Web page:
An Apple a Day….

It was Apple Day at Ripon’s Walled Garden on Saturday.  We went along.

For me, it was a chance to revisit my childhood. Every Saturday, I’d go shopping with my mother to the Tachbrook Street Market.  My favourite stall was the greengrocer’s.  I’d try to add to my collection of prettily-decorated tissues used by the citrus fruit growers to wrap their produce.  I’d wonder at expensive exotica such as lychees or passion fruit.  But really, we’d come to buy.

And my mother taught me that apples aren’t simply apples.  There was something new to look forward to every month in autumn.  The eagerly anticipated first apple of all – the bright red Discovery, quickly followed by Beauty of Bath.  The Cox’s Orange Pippin of course, which we had to shake: it wasn’t ripe unless the pips rattled.  Blenheim Orange Laxton’s SupremeLaxton’s Superb. Worcester PearmainCharles RossJames Grieve. Egremont Russet, which I always associated with Bonfire Night, but which nowadays is already in the shops. Ribston PippinEllison’s Orange.  I learnt to love them all: some sharp and juicy; others more mellow, slightly less crisp; white-fleshed; creamy-fleshed; small; large; knobbly; oval; round – such variety.

Many of these have all but disappeared from the shops.  It’s all about large, white-fleshed, crisp apples.  Jazz, Pink Lady, Granny Smith – even Cox all seem much of a muchness. And half the time, when apple season is at its peak in England, they aren’t even from the UK.  Cookers these days are Bramley Seedlings.  Excellent of course, but where are the Lord Derbys, the Newton Wonders, the Grenadiers?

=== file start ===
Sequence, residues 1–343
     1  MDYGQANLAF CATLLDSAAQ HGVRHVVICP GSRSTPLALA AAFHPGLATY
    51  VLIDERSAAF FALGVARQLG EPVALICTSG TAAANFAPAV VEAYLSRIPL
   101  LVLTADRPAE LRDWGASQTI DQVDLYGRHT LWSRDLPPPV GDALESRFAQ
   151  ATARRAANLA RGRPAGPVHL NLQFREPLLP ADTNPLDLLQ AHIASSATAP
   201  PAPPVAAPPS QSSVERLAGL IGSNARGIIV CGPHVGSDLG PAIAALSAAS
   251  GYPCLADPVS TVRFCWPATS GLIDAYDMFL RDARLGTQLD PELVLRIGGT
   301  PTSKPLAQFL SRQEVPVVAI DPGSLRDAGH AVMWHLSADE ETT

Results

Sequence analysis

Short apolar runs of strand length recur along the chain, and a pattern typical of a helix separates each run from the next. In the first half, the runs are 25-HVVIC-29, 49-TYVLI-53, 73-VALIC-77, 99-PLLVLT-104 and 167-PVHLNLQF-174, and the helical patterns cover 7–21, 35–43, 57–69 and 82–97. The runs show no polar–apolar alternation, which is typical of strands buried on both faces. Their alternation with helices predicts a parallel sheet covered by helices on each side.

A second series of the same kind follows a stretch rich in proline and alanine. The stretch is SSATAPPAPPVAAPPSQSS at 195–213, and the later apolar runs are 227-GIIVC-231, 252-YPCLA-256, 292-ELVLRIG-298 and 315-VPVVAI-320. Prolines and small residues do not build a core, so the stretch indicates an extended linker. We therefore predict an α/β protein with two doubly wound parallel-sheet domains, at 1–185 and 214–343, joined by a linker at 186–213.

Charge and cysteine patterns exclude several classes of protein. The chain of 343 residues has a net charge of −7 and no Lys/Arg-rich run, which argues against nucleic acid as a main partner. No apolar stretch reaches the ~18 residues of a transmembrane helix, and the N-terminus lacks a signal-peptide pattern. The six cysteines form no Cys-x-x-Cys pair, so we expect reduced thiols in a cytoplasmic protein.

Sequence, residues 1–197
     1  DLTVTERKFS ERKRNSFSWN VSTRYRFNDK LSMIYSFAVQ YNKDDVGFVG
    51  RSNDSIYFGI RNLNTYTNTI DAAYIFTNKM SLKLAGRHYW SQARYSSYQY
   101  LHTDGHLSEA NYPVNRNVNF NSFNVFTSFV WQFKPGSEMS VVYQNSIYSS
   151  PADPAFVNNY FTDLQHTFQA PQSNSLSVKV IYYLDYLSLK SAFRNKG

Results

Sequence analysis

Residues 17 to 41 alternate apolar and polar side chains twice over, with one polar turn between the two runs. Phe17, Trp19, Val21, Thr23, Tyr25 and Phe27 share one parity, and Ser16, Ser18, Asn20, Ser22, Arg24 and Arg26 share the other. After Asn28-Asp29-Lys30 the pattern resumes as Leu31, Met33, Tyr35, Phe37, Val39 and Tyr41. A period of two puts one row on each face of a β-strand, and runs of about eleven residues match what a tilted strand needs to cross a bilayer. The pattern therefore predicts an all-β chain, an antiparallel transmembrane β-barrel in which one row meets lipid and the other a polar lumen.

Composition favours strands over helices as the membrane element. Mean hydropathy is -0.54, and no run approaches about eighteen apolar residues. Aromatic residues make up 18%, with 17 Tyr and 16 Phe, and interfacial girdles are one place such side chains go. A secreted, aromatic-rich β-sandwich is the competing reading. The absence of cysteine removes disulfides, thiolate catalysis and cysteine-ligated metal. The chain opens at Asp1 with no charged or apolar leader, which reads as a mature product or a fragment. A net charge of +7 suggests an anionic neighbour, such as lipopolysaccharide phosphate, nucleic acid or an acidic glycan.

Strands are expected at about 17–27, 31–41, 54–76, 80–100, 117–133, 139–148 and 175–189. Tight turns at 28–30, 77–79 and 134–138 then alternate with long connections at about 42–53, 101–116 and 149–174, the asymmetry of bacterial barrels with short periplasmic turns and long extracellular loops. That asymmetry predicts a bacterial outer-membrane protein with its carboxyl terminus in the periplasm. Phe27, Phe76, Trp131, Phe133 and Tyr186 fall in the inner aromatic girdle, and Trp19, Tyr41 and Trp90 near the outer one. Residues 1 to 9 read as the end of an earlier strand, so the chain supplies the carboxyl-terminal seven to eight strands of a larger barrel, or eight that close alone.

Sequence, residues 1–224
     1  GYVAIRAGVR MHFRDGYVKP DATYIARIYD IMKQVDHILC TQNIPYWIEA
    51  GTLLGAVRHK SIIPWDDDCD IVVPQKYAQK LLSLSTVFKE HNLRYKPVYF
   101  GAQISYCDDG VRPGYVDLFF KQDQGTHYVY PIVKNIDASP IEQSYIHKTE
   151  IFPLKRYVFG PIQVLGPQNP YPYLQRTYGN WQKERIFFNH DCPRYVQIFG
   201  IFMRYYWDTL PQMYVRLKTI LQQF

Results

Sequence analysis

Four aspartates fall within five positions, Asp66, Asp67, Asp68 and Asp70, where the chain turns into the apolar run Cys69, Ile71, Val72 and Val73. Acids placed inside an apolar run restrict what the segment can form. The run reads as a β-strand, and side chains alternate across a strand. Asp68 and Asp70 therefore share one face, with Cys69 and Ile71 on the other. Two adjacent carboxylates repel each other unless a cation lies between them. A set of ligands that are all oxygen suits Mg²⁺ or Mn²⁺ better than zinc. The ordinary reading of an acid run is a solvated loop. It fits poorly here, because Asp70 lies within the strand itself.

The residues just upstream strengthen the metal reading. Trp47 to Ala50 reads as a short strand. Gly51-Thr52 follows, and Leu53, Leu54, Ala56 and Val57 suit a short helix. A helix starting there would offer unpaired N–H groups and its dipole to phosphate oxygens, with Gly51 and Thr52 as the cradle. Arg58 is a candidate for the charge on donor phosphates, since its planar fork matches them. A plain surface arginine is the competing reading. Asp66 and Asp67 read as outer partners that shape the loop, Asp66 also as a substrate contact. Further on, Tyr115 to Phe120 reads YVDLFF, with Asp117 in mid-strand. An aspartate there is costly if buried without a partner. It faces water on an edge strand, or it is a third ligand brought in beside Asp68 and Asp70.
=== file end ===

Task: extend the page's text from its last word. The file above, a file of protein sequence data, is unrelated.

In places like Ripon’s Walled Garden, that’s where.  Look at my Rogue’s Gallery of all the varieties they still grow.

This display below piqued my interest.  I recently read Tracey Chevalier’s At the Edge of the Orchard, a partly-true story which begins in Ohio in Pioneering days.  A bit-part in the tale is played by an apple variety, Pitmaston Pineapple, that had been carefully brought over from Herefordshire. I’d never preciously heard of them, but … they’re still grown in Ripon.  I tasted one.  The so-called pineapple taste eluded me … but I was still glad to have eaten a little bit of history.

 

Ripon Walled Garden is Ripon’s best kept secret.  It’s a  a charity supporting young people and adults with learning difficulties to learn horticultural and catering skills in a sheltered environment.  Come here for a delectable tea-and-cake moment or a light meal, made using their fresh garden produce: sit at a table in the shade of the old apple trees in the well-tended and colourful garden. You’ll go home refreshed and happy.

51 thoughts on “An Apple a Day….”